Every year when mid-November rolls around again I find myself in the same predicament: I want to squeeze one last bikepack in before the big snows arrive and shut down my favorite Sierra routes. But as I sit here checking the weather forecasts before heading north tomorrow it looks like the same old story. A storm is streaming in from the Pacific with rain forecasted in the valley and snow up high. Looks like it’s time to place my bets and roll the dice on which season I’ll find myself riding around in over the next few days.
Not that gambling on the forecast is always a bad thing as some of my most memorable rides have come during this time of year. The clash of seasons never disappoints even if you’re hedging your bets on whether you want to ski or pedal.
If you’re lucky, a cold air mass blows through the range while you’re sleeping and you wake in the morning to astounding views. With only a few fluffy inches of snow on the ground you blast through the ride on rails, a toy trainset beneath Christmas trees festooned with fake snow in the big book of toys from your childhood. I want the one with the fat tires.
Finding water without resorting to melting snow is still relatively easy this time of year even if the gale streaming over that ridge threatens to blow you off your bike while you hang on like the last obstinate leaf on the oak that never budges until December. If you live somewhere with seasons look outside your window right now. He’s shaking his fist at you.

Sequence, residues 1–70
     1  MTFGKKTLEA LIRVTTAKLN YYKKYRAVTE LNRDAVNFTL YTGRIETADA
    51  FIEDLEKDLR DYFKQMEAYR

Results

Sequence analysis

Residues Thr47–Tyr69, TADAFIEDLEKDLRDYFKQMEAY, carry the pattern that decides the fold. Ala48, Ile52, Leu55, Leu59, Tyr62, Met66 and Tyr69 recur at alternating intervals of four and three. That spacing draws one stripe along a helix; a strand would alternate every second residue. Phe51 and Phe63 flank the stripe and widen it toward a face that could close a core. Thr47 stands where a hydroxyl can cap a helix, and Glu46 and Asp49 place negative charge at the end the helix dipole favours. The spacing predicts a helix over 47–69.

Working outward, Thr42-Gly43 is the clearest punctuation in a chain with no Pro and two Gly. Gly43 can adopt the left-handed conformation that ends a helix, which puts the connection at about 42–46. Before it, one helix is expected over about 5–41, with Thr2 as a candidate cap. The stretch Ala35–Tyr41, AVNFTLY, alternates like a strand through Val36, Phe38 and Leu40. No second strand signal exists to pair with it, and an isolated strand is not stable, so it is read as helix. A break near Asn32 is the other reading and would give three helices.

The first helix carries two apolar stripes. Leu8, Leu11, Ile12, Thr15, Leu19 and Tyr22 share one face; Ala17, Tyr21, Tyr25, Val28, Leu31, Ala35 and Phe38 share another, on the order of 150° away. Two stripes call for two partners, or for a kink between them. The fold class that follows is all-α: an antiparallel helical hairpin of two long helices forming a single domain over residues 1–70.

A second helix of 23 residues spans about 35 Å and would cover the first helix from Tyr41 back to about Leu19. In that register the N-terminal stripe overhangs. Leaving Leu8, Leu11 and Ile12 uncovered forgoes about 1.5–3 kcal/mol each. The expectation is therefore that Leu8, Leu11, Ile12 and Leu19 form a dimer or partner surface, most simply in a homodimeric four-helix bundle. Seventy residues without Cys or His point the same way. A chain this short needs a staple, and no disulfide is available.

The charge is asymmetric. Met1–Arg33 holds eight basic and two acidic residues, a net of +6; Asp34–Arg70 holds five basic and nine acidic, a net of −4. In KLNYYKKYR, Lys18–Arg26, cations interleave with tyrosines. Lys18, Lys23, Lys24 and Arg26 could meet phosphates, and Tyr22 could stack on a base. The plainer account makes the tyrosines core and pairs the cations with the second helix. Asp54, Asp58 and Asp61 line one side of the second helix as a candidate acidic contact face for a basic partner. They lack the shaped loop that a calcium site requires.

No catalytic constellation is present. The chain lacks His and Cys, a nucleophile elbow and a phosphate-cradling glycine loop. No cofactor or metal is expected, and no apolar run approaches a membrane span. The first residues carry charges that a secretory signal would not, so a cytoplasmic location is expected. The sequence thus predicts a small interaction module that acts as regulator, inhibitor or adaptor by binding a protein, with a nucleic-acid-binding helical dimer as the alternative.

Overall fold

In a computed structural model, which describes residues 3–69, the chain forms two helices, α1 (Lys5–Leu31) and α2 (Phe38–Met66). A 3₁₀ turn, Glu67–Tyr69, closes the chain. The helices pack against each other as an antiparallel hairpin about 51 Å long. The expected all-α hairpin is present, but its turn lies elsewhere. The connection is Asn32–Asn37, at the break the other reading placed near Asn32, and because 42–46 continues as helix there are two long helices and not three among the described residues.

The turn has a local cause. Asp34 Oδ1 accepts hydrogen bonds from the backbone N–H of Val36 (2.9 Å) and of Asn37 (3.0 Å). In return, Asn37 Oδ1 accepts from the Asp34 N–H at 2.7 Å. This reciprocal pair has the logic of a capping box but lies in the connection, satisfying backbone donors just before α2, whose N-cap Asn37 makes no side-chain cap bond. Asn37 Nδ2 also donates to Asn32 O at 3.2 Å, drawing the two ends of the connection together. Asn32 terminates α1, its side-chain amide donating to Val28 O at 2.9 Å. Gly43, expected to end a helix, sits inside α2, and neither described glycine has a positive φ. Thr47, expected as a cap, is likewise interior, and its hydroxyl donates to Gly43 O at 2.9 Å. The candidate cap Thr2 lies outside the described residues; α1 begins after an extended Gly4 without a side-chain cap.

Personally I’d rather have snow, but if rain is falling in the valley it’s all good. Rain adds texture to the day.
The trick is to always sleep at higher elevations even if the night is starting to become a bit chilly and your clothes (which are drenched from low elevation rain) are a steaming exhaust pipe of a car stopped at a red light in Fairbanks on a typical February day. Always climb to higher ground even if the sky is clear…
Sleeping high makes getting to lower elevations a lot easier when the forecast is wrong and you wake entombed in Sierra cement. When this stuff gets too deep it leaves you wishing for skis as the biking’s not much fun, so before more of the slop accumulates blast downhill through the fog like Santa Claus on crack without resorting to pushing (it’s ok if you fall, it’s inevitable).
I take that back – blasting downhill is still fun even if it can’t decide whether to rain or to snow, just make sure and wear your sunglasses so you can see where you’re going.
Of course most importantly, no matter what weather you end up with always enjoy the ride. You never know what’s around that next corner and the weather can clear just as quickly as it can turn sour – which is what makes rolling the dice on a ride so worthwhile during this time of year.